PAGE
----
Trailing of the Sheep Festival
Way back in the "olden days," Idaho was sheep country. Millions of the "woolies" scuttled through the sage and munched their way across the landscape. Each fall the "Trailing of the Sheep" festival in Ketchum honors that tradition.
"Twenty five or thirty years ago, everybody probably had a grandfather that had lived on a farm," says festival organizer John Peavey. "There's a hunger in people to understand what does go on, on the land."
Some of the first sheepherders in Idaho were Basque. They left Europe for greener pastures and eventually ended up in the sagebrush of Idaho. They brought with them rich traditions of food and dance and music.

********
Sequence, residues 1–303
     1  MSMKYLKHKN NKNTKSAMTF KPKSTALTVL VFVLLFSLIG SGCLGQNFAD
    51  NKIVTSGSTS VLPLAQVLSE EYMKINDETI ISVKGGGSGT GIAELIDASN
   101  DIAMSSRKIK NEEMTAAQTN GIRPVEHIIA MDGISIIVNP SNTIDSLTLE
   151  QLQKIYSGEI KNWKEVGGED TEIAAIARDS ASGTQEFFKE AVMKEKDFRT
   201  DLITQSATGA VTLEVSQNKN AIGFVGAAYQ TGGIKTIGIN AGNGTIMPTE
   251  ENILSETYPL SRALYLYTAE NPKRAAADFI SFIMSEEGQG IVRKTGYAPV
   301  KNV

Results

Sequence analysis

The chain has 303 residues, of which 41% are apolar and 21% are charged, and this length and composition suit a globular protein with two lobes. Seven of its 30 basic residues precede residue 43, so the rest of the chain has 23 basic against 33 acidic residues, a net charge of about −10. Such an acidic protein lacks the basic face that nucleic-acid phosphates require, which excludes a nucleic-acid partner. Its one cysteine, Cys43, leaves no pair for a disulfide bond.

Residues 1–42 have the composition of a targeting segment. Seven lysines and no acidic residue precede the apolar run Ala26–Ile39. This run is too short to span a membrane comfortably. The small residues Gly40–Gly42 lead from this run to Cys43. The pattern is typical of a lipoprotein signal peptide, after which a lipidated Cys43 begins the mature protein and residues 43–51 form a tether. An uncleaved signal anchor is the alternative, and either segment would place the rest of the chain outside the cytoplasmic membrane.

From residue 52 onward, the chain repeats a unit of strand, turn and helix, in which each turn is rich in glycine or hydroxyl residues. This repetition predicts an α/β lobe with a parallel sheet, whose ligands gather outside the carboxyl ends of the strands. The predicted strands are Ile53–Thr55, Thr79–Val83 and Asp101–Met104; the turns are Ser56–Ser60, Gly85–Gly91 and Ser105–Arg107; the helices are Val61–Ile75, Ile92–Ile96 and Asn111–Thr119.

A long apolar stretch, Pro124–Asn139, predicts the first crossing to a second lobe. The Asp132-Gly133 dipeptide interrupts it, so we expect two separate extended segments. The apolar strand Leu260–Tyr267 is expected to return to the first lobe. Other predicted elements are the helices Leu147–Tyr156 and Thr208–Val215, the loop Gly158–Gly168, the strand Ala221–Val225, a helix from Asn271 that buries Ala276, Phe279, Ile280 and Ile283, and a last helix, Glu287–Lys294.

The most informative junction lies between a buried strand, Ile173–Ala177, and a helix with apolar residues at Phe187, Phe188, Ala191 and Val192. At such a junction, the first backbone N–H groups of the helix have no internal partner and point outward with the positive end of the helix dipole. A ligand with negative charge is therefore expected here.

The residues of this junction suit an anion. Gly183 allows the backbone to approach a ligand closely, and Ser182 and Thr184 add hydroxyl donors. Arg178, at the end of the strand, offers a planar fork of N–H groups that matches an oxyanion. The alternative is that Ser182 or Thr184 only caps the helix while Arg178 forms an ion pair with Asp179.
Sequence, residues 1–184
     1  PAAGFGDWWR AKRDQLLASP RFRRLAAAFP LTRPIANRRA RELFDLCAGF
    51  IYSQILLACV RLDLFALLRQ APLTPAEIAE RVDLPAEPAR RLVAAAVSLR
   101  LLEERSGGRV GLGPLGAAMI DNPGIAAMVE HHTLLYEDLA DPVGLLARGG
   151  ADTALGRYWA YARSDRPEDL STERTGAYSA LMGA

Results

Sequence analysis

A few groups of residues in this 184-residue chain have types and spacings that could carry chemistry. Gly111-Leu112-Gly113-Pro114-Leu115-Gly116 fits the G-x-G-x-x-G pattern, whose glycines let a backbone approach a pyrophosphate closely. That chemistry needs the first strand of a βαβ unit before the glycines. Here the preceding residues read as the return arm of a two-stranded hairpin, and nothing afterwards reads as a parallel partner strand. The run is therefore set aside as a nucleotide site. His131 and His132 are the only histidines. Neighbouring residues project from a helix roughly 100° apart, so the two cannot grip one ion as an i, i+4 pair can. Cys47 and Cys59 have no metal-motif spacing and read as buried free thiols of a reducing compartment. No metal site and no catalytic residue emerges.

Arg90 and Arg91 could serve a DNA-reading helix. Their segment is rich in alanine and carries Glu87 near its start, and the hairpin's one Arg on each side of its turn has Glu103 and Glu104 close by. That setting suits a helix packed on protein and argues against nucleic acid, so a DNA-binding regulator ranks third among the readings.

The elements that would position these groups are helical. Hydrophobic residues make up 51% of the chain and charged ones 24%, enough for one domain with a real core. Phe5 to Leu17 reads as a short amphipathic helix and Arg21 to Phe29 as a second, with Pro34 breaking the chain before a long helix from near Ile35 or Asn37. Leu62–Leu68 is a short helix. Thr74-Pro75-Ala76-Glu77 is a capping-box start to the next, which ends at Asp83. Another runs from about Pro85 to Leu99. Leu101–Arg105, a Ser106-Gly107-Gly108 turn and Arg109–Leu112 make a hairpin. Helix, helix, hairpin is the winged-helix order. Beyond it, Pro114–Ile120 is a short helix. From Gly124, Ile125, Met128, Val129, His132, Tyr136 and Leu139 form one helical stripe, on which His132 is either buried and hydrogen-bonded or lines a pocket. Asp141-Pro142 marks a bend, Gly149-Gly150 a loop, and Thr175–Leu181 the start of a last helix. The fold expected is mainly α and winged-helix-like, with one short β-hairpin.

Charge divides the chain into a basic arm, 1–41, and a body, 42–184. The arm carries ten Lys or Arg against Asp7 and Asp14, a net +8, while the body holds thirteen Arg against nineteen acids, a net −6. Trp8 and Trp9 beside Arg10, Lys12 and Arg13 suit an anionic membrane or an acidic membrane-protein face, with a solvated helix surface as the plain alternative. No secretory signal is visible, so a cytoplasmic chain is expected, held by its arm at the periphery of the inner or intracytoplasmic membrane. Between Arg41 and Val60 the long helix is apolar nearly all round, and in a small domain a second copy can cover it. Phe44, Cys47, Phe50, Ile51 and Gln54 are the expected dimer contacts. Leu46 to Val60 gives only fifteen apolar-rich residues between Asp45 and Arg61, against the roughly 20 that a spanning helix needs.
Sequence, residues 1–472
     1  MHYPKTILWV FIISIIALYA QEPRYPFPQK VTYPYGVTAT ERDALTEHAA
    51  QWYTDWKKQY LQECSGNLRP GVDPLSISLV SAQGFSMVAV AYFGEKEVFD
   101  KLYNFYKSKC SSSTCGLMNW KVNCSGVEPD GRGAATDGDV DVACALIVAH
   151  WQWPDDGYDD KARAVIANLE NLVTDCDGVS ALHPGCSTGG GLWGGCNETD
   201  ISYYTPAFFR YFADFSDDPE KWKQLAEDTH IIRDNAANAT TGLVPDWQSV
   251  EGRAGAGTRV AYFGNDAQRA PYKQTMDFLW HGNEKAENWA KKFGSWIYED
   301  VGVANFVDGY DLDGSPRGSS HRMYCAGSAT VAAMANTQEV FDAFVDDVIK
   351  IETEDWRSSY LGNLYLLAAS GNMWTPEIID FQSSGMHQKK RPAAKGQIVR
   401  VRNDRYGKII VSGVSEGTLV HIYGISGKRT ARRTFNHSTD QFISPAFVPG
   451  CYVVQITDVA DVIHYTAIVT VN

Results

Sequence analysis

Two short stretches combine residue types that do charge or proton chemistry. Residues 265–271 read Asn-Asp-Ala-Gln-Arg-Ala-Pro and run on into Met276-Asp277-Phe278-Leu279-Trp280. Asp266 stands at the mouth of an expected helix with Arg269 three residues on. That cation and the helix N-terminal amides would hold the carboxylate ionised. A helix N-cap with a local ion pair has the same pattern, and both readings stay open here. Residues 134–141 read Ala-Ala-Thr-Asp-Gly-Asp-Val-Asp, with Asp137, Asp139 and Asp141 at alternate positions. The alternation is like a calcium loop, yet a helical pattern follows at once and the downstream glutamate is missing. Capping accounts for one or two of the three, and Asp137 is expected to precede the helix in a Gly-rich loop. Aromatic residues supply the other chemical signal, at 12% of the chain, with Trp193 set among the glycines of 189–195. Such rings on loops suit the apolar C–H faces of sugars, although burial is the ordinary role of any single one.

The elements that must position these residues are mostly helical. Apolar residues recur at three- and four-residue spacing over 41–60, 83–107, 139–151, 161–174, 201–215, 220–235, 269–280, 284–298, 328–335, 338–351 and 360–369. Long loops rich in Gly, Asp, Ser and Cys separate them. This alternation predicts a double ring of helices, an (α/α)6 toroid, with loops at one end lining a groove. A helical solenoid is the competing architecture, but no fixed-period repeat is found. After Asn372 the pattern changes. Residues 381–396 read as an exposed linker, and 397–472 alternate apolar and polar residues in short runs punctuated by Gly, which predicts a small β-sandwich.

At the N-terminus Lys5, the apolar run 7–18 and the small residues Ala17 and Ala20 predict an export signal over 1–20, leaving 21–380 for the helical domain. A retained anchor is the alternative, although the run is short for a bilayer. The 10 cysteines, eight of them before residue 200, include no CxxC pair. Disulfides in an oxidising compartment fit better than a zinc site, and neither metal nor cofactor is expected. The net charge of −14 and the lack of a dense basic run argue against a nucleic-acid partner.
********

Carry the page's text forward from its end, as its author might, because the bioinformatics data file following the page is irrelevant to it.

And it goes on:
To honor that century-old tradition, sheepherders move their flocks from summer pastures in the mountains north of the resort towns of Ketchum and Sun Valley, south through the Wood River Valley to winter desert grazing areas. And for one afternoon during the Festival, the sheep actually parade right down Ketchum's Main Street.
Organizers call their Trailing of the Sheep festival America's version of The Running of the Bulls.
For dog trainer Tish Lewis, the border collie is a symbol of that old lifestyle. "I think there's some of us diehards who love to see the old traditions, and we still use sheep for so many things. I don't think people realize all the things we use sheep for. And how important they are to everything."